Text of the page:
Blockchain-Enabled iWellChain Framework Integration With the National Medical Referral System: Development and Usability Study

    Abstract:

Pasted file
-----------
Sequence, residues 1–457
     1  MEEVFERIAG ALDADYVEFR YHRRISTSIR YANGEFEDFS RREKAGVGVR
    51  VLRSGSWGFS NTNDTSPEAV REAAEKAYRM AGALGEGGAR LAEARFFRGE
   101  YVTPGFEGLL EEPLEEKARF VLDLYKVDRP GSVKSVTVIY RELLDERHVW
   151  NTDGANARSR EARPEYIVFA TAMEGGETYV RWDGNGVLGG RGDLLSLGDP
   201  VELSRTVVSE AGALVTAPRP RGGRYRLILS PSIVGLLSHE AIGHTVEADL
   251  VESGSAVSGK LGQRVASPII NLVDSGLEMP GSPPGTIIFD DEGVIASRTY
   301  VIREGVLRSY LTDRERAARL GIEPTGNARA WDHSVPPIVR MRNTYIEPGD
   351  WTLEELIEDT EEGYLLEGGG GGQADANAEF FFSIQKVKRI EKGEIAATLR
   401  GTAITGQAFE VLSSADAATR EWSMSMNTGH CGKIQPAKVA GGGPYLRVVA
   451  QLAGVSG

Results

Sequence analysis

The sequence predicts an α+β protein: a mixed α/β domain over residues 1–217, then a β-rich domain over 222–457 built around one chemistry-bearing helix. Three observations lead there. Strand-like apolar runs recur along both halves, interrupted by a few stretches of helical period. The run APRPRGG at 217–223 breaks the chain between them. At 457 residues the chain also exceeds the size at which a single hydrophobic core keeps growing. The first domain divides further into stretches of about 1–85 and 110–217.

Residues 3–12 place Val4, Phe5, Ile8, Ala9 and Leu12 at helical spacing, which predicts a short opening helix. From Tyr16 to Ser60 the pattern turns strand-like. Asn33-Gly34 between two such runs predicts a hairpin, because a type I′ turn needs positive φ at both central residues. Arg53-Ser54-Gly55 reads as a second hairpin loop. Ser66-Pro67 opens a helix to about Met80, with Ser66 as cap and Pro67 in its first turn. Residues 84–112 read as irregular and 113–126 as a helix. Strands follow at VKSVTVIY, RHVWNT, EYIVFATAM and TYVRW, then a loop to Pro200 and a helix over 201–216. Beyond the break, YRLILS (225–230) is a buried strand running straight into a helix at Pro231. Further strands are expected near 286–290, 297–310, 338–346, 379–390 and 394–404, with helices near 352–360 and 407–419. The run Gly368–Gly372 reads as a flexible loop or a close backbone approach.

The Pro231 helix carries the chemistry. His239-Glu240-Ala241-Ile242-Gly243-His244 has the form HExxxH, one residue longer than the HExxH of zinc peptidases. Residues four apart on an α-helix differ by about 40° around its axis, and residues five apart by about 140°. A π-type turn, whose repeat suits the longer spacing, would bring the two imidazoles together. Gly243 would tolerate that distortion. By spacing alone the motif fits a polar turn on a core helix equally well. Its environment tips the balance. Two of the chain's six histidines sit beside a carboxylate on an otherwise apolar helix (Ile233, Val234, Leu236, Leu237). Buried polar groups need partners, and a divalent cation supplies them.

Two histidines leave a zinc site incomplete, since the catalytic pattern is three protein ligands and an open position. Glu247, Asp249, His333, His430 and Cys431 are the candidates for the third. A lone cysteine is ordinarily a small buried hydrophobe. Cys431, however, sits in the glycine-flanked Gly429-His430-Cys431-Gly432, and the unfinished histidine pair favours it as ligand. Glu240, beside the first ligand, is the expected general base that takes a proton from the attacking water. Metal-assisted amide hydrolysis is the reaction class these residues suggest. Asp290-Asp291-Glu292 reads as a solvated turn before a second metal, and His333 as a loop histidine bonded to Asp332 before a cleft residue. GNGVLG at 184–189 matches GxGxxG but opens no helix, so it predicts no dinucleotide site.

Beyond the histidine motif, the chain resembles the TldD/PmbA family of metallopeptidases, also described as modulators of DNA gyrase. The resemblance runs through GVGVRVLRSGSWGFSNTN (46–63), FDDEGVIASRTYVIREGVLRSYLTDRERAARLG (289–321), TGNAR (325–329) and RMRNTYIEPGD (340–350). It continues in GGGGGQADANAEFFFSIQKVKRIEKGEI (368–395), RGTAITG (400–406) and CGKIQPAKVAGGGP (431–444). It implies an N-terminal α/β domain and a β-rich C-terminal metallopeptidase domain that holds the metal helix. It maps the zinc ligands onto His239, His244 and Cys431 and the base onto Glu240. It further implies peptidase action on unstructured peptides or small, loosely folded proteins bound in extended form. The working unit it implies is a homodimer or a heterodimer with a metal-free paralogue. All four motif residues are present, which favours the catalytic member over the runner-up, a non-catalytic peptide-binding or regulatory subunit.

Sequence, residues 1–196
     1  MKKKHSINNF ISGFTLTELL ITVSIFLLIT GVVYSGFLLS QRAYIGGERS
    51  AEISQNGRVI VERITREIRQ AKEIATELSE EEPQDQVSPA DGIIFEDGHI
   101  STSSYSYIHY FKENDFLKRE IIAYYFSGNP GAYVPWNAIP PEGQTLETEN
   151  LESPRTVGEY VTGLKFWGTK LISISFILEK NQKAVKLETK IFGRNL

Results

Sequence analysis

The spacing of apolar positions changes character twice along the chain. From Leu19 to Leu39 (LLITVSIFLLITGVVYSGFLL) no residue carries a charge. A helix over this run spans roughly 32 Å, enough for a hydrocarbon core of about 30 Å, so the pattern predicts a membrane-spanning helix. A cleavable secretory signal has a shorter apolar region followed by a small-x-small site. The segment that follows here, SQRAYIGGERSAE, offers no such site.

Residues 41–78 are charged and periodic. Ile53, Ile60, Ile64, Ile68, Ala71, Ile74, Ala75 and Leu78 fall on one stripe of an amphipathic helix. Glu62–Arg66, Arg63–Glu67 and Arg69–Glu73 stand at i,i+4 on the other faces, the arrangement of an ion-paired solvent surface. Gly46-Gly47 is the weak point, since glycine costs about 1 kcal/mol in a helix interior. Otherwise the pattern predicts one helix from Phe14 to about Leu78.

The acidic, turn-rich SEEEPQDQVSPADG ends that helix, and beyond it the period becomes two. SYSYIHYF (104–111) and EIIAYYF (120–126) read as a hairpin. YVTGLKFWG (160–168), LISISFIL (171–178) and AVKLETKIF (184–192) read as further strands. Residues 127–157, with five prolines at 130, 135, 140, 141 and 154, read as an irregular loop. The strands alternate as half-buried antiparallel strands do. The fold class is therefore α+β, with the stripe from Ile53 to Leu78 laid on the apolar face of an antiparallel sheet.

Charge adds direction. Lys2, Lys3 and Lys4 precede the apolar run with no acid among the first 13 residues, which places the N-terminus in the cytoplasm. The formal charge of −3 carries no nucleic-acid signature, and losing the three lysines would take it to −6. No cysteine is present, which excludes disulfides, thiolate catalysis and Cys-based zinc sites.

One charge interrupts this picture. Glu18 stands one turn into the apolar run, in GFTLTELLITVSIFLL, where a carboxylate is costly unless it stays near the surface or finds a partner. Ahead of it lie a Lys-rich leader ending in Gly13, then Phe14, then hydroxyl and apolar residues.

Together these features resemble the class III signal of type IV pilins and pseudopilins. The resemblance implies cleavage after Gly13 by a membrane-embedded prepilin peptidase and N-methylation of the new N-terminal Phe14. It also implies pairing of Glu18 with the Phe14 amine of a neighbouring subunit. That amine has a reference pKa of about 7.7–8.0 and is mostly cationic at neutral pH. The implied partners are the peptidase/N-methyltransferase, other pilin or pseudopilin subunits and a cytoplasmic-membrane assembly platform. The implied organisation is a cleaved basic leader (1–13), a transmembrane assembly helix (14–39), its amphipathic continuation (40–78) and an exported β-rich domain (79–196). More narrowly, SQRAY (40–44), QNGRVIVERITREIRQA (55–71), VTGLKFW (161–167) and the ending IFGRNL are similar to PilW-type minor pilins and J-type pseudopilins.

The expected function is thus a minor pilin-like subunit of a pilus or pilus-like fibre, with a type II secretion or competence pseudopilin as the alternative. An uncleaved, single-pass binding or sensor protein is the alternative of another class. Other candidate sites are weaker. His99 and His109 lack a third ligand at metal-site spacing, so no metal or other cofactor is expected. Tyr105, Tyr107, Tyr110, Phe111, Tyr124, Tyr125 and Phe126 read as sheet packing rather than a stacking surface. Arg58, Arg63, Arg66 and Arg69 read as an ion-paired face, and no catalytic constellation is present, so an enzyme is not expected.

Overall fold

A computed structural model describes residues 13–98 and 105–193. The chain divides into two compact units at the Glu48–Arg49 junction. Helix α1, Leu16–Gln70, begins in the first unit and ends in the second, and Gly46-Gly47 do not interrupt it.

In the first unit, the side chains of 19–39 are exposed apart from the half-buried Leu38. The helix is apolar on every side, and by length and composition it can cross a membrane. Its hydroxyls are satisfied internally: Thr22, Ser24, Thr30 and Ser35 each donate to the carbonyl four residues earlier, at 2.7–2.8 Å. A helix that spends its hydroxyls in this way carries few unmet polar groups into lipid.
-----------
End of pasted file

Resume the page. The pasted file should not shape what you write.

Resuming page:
Background: Medical referral is the transfer of a patient’s care from one physician to another upon request. This process involves multiple steps that require provider-to-provider and provider-to-patient communication. In Taiwan, the National Health Insurance Administration (NHIA) has implemented a national medical referral (NMR) system, which encourages physicians to refer their patients to different health care facilities to reduce unnecessary hospital visits and the financial stress on the national health insurance. However, the NHIA’s NMR system is a government-based electronic medical referral service, and its referral data access and exchange are limited to authorized clinical professionals using their national health smart cards over the NHIA virtual private network. Therefore, this system lacks scalability and flexibility and cannot establish trusting relationships among patients, family doctors, and specialists. Objective: To eliminate the existing restrictions of the NHIA’s NMR system, this study developed a scalable, flexible, and blockchain-enabled framework that leverages the NHIA’s NMR referral data to build an alliance-based medical referral service connecting health care facilities. Methods: We developed a blockchain-enabled framework that can integrate patient referral data from the NHIA’s NMR system with electronic medical record (EMR) and electronic health record (EHR) data of hospitals and community-based clinics to establish an alliance-based medical referral service serving patients, clinics, and hospitals and improve the trust in relationships and transaction security. We also developed a blockchain-enabled personal health record decentralized app (DApp) based on our blockchain-enabled framework for patients to acquire their EMR and EHR data; DApp access logs were collected to assess patients’ behavior and investigate the acceptance of our personal authorization-controlled framework. Results: The constructed iWellChain Framework was installed in an affiliated teaching hospital and four collaborative clinics. The framework renders all medical referral processes automatic and paperless and facilitates efficient NHIA reimbursements. In addition, the blockchain-enabled iWellChain DApp was distributed for patients to access and control their EMR and EHR data. Analysis of 3 months (September to December 2018) of access logs revealed that patients were highly interested in acquiring health data, especially those of laboratory test reports. Conclusions: This study is a pioneer of blockchain applications for medical referral services, and the constructed framework and DApp have been applied practically in clinical settings. The iWellChain Framework has the scalability to deploy a blockchain environment effectively for health care facilities; the iWellChain DApp has potential for use with more patient-centered applications to collaborate with the industry and facilitate its adoption.